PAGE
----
MMIWG2 is the continuum of violence related to sexual assault, sex-trafficking, domestic violence, stalking, and dating violence.                             

What to do when someone goes Missing.

  • Contact your local police department and file a missing persons report.
  • Alert your Tribal Council, they can help engage state and national resources.
  • Connect with community advocates.
  • Create flyers and social media posts. Make sure to coordinate with law enforcement for accurate information.  You also do not want to jeopardize an investigation, so make sure announcements are timely and accurate.
  • The family needs ongoing support, comfort, mental health support, and communication from law enforcement.
  • Connect with non-native resources.  San Diego, Riverside, & San Bernardino Counties all have Human Trafficking Taskforce.

How can you help?

Resources

NamUS: The National Missing and Unidentified Persons System

NamUs is a national information clearinghouse and resource center for missing, unidentified, and unclaimed person cases across the United States. Learn more here https://www.namus.gov

Sovereign Bodies Institute

Sovereign Bodies Institute house the MMIWG2 Database which logs cases of missing and murdered indigenous women, girls, and two spirit people, from 1900 to the present. Learn more here https://www.sovereign-bodies.org/mmiw-database

 

Statistics

American Indian and Alaska Natives experience higher rates of domestic violence and sexual assaults than any other population of women in the United States.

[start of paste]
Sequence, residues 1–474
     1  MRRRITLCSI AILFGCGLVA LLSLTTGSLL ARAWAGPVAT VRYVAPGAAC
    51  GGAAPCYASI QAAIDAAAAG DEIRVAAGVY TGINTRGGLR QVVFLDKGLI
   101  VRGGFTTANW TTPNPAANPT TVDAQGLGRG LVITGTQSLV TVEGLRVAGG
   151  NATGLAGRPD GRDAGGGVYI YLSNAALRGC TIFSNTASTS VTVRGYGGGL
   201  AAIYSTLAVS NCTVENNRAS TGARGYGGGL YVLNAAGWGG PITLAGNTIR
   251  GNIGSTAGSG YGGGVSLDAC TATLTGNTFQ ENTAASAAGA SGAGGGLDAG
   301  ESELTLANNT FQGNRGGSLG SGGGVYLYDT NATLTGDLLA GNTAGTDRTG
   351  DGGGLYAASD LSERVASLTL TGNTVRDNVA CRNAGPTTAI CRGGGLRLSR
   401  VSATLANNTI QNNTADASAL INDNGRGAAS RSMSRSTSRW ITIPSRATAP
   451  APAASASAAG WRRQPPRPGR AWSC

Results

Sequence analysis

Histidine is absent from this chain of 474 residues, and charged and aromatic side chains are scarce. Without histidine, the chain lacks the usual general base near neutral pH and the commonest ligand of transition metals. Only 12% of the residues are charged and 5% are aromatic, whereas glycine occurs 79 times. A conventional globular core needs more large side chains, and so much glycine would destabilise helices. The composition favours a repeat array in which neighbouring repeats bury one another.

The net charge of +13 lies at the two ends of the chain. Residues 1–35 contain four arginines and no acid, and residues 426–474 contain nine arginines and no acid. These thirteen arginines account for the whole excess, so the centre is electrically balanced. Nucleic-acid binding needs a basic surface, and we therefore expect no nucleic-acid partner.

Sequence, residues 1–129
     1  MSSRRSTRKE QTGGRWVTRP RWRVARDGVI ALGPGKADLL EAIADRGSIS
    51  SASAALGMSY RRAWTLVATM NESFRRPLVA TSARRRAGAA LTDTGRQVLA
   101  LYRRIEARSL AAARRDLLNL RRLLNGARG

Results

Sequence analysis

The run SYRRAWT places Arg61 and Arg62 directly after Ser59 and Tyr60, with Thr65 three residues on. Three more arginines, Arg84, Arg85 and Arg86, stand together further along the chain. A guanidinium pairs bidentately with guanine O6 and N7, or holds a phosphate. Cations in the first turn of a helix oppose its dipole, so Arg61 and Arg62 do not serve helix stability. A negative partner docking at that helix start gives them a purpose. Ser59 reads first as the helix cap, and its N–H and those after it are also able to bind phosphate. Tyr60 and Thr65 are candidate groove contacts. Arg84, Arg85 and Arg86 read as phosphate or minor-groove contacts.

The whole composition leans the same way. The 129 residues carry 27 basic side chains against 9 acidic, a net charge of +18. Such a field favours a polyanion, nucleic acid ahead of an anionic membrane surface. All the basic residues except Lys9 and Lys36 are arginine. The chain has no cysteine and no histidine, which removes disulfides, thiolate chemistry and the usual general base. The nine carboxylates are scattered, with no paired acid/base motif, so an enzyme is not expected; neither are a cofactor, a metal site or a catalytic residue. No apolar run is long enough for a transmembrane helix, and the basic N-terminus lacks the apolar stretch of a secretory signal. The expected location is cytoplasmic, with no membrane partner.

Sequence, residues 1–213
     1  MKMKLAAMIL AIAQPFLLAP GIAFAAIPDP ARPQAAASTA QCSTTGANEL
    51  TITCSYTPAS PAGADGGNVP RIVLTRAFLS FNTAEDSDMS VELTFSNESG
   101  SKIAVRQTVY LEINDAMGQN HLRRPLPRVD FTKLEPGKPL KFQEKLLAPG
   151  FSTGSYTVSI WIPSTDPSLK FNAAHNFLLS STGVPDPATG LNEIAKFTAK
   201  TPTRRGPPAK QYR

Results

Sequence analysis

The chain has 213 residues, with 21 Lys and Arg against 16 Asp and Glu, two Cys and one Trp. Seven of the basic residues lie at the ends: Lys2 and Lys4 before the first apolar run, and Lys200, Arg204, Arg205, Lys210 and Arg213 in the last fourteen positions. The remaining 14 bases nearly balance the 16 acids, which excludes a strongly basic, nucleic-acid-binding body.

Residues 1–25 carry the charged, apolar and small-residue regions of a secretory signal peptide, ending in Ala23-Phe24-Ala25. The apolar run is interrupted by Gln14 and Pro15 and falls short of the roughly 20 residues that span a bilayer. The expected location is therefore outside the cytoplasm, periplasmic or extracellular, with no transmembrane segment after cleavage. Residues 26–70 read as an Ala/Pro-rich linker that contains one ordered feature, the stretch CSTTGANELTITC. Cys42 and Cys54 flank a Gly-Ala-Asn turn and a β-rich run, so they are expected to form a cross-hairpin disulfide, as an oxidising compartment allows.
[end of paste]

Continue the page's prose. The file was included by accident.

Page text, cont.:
Findings for the VAWA for Indian Women Title is that during the period of 1979-1992, homicide was the 3rd leading cause of death of American Indian females aged 15-34, and 75% were killed by family members or acquaintances.

U.S. DOJ found that in some tribal communities, American Indian women face murder rates that are more than 10 times the national average.

American Indian women experience sexual assault accompanied by other forms of violence. Example, when aggressors physically hit them during the assault, over 90% of female Native American victims responded affirmatively as compared to 74% of the general population.

This project was supported by Grant No. 2019-IW-AX-0111, awarded by the Office on Violence Against Women, U.S. Department of Justice. The opinions, findings, conclusions and recommendations expressed in this publication/program/exhibition are those of the author(s) and do not necessarily reflect the views of the Department of Justice, Office on Violence Against Women.